Creating a practice culture that builds loyalty starts with a mission statement-one that won’t be relegated to an obscure binder on the practice’s bookshelf. It needs to be a constant topic of conversation, among all levels of staff, in both formal and informal practice dialog. Practice leadership should set the example by modeling the mission at all times.

Practices should develop service standards in support of their mission to generate loyalty. Service standards are the methods by which practice leaders communicate service expectations and teach staff to “live the mission.”

Key service standards that promote patient loyalty

• Define how patients should be welcomed and develop scripts for staff to use with patients.

• Be respectful of patients’ time by reducing waiting time.

• Decrease patient anxiety by communicating results and returning phone calls promptly.

• Say goodbye and thank-you when patients leave your offices.

• Use brief staff huddles to outline daily expectations and manage challenges-waiting for the weekly meeting to get a message out is far too long.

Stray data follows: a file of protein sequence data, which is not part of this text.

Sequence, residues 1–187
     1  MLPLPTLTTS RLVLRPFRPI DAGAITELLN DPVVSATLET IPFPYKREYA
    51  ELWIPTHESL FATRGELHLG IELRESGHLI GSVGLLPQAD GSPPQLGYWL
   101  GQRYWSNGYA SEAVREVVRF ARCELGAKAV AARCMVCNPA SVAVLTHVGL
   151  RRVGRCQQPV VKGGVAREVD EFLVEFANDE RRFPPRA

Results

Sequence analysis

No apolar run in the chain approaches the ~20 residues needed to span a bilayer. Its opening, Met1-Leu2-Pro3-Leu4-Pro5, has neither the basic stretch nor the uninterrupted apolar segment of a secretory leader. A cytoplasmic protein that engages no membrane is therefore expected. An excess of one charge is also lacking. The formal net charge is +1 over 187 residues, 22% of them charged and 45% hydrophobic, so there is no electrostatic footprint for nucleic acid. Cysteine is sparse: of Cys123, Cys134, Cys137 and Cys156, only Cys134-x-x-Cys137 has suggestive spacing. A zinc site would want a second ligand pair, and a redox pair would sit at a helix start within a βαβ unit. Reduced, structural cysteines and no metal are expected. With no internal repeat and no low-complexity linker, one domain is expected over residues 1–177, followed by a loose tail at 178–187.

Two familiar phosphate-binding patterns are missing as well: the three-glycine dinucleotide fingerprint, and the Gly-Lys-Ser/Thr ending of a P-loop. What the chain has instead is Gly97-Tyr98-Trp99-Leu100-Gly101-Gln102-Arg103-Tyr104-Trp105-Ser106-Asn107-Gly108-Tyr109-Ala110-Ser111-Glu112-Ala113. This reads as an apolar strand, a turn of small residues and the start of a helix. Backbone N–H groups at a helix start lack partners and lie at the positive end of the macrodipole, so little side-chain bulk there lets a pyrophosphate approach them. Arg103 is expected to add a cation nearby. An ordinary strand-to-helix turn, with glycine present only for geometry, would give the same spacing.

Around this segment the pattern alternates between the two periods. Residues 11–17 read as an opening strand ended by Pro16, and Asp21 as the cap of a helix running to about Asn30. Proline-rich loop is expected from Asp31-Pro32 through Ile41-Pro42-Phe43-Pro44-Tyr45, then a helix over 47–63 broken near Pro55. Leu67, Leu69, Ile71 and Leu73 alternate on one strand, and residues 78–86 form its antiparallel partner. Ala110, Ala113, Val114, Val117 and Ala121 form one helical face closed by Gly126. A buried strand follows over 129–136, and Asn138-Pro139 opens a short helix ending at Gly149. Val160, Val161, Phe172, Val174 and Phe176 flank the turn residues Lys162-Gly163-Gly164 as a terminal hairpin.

• Allow staff to solve problems when they arise-educate and train them to deal with problems.

• Develop a tracking system to find trends in service failures.

• Employ casual rounding with both patients and staff to open lines of communication-it’s amazing what can be learned by simply talking to people in hallways and waiting areas.

• Reward and recognize-make sure you publicly celebrate staff members who exemplify your patient loyalty mission.

Survey methodologies

Patient satisfaction surveys provide data to drive efforts to build loyalty in medical practices. The survey form used can vary based on practice size and type. In hospital settings, most doctors use the regulatory Hospital Consumer Assessment of Healthcare Providers and Systems (HCAHP) surveys often conducted by Press Ganey. Smaller practices can either create their own surveys or work with a third party that provides these services such as SullivanLuallin, MGMA, Survey Vitals, and Press Ganey.

When designing a survey, keep it brief (no more than 15 to 20 questions). Approximately 75% of the questions should be ratings questions with scaled numeric answers, and about 25% of the questions should be open-ended for patients to add comments.5 A 10%–20% response rate is generally indicative of a reliable, well-performing survey tool.5 All surveys should include the following questions:

1.  Would you recommend our practice to a family member or friend?

2. What could we have done better?

3. What else would you like to tell us?

And never ask about something that you’re unwilling or unable to change!